Serendipity: An accidental and fortunate discovery.
A celebrated instance of serendipity in biomedical research took place in 1928 at St Mary's Hospital in London. While studying staphylococci (staph bacteria), the physician and microbiologist Alexander Fleming happened to noticed that on a dish containing agar on which he had been growing germs, near some mold, the germs were less common. He grew more of the mold and named it penicillin from its Latin name Penicillium. Fleming found the mould was effective against bacteria that caused diseases such as anthrax, meningitis and diphtheria.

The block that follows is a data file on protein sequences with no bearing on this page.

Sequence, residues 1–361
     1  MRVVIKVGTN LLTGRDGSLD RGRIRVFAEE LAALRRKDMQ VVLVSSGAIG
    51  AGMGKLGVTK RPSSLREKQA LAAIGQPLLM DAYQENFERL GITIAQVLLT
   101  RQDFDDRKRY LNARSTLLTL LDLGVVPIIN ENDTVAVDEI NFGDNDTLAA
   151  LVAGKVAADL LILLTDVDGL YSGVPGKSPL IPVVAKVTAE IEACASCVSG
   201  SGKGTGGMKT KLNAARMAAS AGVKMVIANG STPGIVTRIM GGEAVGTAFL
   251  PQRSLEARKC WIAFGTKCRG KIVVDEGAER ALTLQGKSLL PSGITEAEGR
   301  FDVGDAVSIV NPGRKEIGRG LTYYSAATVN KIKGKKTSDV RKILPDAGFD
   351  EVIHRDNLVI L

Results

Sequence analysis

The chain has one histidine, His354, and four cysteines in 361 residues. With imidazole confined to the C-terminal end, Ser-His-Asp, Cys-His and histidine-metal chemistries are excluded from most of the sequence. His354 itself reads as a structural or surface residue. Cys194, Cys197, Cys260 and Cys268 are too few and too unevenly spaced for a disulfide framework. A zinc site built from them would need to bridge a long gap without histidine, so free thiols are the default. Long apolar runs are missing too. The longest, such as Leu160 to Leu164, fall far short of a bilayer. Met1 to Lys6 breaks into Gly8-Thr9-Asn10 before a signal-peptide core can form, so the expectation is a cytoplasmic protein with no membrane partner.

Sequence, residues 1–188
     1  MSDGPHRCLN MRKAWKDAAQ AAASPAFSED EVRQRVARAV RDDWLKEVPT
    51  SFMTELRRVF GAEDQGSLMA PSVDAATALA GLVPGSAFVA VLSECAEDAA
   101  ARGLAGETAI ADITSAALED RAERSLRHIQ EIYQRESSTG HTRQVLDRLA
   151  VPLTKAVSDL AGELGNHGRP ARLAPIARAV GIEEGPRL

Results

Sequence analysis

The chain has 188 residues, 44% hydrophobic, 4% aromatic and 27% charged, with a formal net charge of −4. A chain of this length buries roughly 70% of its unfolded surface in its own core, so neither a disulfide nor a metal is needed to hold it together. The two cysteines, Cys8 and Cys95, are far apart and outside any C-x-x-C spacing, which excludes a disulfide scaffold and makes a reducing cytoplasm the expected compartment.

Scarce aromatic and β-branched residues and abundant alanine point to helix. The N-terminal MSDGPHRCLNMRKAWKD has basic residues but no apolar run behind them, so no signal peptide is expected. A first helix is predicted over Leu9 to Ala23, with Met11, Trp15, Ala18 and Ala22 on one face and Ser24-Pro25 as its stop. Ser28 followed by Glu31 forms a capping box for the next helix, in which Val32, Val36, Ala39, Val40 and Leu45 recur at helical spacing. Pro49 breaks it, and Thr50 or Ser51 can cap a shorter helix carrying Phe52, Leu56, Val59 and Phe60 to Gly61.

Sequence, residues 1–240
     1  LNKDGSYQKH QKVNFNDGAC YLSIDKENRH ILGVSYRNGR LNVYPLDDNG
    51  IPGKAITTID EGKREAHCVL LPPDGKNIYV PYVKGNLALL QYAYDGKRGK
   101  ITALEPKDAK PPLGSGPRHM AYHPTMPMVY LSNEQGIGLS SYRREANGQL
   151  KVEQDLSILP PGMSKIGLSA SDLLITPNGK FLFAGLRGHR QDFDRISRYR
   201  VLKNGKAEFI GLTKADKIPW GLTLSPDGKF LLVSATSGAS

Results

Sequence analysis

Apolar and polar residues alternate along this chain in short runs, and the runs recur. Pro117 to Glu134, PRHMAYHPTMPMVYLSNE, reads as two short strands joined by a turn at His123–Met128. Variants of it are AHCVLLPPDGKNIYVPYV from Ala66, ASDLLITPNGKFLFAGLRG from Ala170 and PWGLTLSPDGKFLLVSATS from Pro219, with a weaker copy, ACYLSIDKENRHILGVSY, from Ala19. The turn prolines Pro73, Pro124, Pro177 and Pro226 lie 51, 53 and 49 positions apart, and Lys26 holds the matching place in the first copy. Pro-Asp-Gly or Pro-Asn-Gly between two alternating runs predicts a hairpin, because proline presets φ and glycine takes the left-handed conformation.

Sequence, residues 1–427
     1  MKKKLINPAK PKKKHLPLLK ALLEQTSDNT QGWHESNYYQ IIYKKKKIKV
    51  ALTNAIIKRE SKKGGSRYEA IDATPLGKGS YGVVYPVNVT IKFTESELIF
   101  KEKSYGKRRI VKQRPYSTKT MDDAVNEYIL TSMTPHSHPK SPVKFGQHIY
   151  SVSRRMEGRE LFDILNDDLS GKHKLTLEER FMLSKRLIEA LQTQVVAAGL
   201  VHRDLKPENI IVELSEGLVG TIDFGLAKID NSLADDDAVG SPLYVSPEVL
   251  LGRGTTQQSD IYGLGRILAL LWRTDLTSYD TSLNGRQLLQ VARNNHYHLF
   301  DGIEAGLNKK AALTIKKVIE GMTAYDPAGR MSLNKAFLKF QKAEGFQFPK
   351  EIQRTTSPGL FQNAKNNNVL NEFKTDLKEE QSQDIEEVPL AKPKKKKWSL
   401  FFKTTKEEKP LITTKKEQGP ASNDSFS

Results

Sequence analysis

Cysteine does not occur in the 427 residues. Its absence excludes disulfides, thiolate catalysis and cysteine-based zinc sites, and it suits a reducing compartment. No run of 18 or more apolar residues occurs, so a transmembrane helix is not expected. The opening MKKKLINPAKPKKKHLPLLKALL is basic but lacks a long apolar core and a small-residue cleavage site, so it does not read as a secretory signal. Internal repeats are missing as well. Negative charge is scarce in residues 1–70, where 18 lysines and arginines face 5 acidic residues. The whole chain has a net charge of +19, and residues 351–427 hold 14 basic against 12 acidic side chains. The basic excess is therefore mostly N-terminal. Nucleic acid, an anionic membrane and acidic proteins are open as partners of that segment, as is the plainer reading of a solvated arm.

The word serendipity was coined by Horace Walpole in the fairy tale The Three Princes of Serendip (1754). Serendip was an old Persian name for Sri Lanka.